The war in Ukraine approaches its two-year anniversary. When Russian President Vladimir Putin decided to invade Ukraine on February 24, 2022, he clearly didn’t expect to be still enmeshed in this conflict.
Not only has the Russian military failed to achieve any of its major strategic objectives, but the Ukrainians, with the support of the United States and much of the West, and threatening to undo Putin’s previous gains in Ukraine. The Donbas and the Crimean Peninsula are well within Kyiv’s crosshair, and the Ukrainian leadership has repeatedly stated its goal of liberating these territories that have been under Russian control since 2014.
To make matters worse for the Russian leader, his forces continue to take extremely high casualties on the ground. The latest Western intelligence estimates on Russia’s casualties are telling.
According to the latest Western intelligence estimates, the Russian military and paramilitary forces have lost more than 320,000 troops killed and wounded in the fighting.
Back in November, in response to a question about the state of the war, British Minister of State for the Armed Forces James Heappey revealed that the Russian forces had lost a bit over 300,000 men in the fighting.
“We estimate that approximately 302,000 Russian military personnel have been killed or wounded, and tens of thousands more have already deserted since the start of the conflict,” the British politician said.
However, high Russian losses aren’t limited to troops. Moscow has suffered equally heavy blows on its materiel as well.
“We also estimate that over 7,117 Russian armoured vehicles, including nearly 2,475 main battle tanks, 93 fixed wing aircraft, 132 helicopters, 320 unmanned aerial vehicles, 16 naval vessels of all classes, and over 1,300 artillery systems of all types have been destroyed since the start of the conflict,” Heappey added.
A couple of weeks later, the British Military Intelligence came out with an updated estimate that put the number of Russian losses around 320,000.
The Ukrainian estimates continue to outpace the Western intelligence assessments, though not by a lot. In its latest estimate of the war, the Ukrainian Ministry of Defense claimed that Moscow has lost almost 356,000 men killed, wounded, or captured. Kyiv’s estimates have always outpaced that of its Western counterparts. But the difference in the numbers – especially in manpower losses – has remained relatively close.
To be sure, the Ukrainians have suffered heavy losses themselves. Back in August, US officials revealed that at that point in the conflict, Kyiv had lost approximately 170,000 men, 70,000 of whom were killed and the rest wounded or captured.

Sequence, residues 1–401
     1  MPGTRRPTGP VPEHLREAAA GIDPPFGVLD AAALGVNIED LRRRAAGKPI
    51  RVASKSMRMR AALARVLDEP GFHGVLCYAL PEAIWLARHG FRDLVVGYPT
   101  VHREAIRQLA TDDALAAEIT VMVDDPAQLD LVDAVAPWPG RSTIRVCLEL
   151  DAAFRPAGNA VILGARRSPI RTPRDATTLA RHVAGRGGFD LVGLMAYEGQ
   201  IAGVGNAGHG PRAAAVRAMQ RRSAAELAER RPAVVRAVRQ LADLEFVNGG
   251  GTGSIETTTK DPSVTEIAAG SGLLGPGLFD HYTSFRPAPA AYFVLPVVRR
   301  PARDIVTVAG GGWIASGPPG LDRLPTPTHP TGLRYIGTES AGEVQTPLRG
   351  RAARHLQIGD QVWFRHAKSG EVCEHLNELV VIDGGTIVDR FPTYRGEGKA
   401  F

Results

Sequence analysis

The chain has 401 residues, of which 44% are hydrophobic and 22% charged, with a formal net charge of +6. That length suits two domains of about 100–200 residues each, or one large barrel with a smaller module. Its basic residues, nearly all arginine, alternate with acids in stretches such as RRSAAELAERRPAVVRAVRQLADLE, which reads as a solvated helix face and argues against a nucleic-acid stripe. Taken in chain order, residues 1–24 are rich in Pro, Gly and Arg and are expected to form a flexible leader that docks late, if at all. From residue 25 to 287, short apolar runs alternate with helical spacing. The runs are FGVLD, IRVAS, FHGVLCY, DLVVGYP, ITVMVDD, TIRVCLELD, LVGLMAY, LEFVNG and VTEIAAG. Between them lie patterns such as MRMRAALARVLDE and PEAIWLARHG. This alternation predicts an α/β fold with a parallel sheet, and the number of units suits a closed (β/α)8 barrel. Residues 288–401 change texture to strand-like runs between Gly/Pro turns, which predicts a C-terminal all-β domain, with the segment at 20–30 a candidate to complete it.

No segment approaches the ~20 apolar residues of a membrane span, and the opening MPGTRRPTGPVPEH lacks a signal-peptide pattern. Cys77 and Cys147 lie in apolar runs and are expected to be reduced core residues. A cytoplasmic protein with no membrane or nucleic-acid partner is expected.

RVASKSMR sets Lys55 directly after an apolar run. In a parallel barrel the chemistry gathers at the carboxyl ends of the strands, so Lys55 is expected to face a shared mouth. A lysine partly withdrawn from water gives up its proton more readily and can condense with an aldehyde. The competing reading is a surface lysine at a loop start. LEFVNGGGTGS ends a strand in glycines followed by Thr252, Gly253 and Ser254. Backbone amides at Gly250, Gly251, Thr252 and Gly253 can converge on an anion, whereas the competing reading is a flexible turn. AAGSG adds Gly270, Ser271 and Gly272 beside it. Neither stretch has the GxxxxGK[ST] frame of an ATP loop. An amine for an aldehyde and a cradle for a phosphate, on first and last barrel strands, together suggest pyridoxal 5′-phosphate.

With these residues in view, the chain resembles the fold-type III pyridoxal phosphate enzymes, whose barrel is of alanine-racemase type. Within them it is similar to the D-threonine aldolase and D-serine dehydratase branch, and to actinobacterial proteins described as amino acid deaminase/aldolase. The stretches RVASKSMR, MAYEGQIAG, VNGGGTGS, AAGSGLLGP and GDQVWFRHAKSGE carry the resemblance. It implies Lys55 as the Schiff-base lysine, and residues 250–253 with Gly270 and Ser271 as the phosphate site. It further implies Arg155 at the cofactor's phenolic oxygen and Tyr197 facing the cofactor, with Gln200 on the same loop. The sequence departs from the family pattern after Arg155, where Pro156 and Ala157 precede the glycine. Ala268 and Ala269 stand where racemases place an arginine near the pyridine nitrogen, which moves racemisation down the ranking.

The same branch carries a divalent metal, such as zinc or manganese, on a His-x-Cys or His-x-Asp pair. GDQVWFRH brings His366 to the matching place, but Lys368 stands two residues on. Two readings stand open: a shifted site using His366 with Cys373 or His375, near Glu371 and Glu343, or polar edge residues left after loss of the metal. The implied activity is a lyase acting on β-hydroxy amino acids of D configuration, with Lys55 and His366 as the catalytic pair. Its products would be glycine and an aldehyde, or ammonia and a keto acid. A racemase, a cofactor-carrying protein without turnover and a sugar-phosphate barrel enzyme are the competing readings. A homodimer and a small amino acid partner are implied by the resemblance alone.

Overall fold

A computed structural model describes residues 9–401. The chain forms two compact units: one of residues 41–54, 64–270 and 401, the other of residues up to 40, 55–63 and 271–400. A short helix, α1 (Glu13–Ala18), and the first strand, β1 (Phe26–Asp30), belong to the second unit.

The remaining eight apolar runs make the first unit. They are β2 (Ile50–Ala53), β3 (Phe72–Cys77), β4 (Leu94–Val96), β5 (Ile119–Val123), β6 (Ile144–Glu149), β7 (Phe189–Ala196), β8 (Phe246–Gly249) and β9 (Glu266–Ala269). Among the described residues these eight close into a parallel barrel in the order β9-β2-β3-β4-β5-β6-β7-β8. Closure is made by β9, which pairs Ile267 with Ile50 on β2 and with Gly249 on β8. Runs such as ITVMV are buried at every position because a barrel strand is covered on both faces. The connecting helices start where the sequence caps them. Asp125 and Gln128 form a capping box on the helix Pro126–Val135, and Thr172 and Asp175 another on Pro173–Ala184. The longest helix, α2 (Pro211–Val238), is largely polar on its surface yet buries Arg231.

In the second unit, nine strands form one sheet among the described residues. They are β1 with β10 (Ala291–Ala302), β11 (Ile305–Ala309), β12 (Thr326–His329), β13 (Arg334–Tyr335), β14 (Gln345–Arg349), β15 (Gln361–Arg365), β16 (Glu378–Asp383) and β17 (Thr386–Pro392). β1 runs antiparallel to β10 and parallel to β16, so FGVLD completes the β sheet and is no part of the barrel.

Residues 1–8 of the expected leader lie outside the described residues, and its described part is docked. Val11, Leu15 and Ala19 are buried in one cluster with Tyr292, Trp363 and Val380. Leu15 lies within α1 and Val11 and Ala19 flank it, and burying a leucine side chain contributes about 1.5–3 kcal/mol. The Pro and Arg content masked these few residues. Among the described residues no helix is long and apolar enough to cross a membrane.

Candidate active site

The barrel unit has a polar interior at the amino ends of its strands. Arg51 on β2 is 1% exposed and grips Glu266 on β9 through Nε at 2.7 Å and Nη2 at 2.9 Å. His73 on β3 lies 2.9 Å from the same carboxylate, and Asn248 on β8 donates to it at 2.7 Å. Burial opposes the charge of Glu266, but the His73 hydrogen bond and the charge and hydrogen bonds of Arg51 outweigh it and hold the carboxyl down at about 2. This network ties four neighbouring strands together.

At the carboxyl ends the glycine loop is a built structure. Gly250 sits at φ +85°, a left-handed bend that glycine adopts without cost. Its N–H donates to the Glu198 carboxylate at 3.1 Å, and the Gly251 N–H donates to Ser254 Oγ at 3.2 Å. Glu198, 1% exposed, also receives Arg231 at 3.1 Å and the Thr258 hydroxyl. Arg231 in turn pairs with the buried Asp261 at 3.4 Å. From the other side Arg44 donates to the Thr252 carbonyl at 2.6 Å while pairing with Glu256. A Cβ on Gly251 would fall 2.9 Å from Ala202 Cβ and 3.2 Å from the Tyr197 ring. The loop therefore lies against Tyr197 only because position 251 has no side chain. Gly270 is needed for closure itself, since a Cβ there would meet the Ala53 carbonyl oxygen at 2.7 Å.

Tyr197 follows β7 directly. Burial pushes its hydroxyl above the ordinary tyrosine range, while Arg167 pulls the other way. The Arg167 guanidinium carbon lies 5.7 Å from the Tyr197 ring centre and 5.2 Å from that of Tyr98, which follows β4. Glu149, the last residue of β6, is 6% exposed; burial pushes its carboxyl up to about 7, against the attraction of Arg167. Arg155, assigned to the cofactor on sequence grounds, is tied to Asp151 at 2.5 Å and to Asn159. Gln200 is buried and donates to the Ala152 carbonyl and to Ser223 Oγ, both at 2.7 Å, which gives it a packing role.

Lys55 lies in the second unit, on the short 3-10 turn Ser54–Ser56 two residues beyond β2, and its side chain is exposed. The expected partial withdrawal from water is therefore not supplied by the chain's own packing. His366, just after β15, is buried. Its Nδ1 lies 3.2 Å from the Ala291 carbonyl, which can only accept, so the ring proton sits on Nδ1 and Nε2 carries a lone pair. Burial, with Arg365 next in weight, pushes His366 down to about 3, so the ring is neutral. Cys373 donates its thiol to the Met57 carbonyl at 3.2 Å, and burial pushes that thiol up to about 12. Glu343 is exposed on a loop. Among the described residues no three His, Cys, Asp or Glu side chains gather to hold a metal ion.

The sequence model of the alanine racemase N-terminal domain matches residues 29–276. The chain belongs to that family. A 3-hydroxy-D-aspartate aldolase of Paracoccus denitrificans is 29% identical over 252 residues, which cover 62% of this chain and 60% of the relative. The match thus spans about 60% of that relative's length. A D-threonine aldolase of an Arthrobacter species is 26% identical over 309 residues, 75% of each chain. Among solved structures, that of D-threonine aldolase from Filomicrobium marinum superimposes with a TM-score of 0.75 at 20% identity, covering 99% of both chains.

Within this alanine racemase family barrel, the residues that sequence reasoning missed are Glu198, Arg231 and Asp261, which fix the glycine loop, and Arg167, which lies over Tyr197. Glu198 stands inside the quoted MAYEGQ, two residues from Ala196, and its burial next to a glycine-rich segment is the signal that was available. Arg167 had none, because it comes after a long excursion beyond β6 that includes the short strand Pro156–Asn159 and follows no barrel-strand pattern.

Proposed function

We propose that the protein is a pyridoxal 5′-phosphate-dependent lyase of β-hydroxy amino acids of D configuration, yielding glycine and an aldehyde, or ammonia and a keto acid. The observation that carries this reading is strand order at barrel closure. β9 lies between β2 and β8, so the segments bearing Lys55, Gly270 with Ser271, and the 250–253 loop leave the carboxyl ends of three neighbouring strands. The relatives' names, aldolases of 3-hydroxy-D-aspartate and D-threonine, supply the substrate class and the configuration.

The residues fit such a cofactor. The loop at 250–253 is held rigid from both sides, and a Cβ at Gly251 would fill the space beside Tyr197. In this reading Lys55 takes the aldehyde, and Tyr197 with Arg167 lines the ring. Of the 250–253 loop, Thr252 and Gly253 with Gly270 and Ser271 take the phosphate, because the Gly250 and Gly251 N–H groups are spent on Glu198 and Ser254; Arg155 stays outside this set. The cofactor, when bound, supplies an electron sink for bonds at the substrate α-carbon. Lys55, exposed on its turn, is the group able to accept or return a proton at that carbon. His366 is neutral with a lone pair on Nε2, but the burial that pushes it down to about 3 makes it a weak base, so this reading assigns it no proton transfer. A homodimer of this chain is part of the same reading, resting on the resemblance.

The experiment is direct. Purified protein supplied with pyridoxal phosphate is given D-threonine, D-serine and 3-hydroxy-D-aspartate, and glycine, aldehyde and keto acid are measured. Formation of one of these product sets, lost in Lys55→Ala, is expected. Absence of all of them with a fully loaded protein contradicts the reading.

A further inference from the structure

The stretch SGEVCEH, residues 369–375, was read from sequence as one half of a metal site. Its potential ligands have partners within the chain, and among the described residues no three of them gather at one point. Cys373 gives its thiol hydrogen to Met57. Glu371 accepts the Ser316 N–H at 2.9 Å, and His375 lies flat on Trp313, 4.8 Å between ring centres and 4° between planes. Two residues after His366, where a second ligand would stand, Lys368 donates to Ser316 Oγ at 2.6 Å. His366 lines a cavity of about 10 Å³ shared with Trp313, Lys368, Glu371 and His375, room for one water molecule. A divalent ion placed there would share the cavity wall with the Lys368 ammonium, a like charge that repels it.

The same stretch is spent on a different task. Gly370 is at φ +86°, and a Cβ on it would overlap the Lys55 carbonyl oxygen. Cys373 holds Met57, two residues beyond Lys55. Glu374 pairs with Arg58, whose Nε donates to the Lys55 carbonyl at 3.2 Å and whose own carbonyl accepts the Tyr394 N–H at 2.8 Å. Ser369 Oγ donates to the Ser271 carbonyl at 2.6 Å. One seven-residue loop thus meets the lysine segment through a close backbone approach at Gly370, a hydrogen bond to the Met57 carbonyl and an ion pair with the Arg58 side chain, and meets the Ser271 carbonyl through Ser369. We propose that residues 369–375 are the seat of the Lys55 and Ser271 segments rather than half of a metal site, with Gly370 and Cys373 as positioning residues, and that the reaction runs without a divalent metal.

Night vision and rats
Moscow’s shortcomings are particularly evident when examined through a key modern warfighting function: fighting in the dark.
The Russian forces have a disadvantage in the dark, lacking sufficient night vision capabilities to fight competently in the darkness.
“NVGs have frequently featured high in the lists of equipment Russian units request from their families and supporters. Ukrainian forces have often been equipped with night vision devices from international partners,” the British Military Intelligence stated in a recent estimate on the war.
Although the underdog in the war, Ukraine is now probably better equipped than its adversary. With tens of billions of Western military aid at its disposal, Kyiv has gone through a rapid modernization of its military and weapon systems.
“There is also likely a cultural element to Russia’s problem: Russian military training has rarely emphasised night exercises instead typically building towards set-piece, daylight events to impress visiting senior officers. In contrast, the Russian soldier claimed Ukrainian forces ‘move mostly at night,’” the British Military Intelligence added.
Meanwhile, conditions on the frontlines continue to be unbearable for both sides. According to reports from the trenches, both Ukraine and Russia have had to deal with large numbers of rat and mice infestations as the fall’s mild weather combined with flooded fields to create the perfect conditions for rodents to multiply.
World War I might be more than a century old but the fighting in Ukraine continues to show that trench fighting, artillery barrages, abominable living conditions, and high casualties are still very much part of warfare even in the 21st century.
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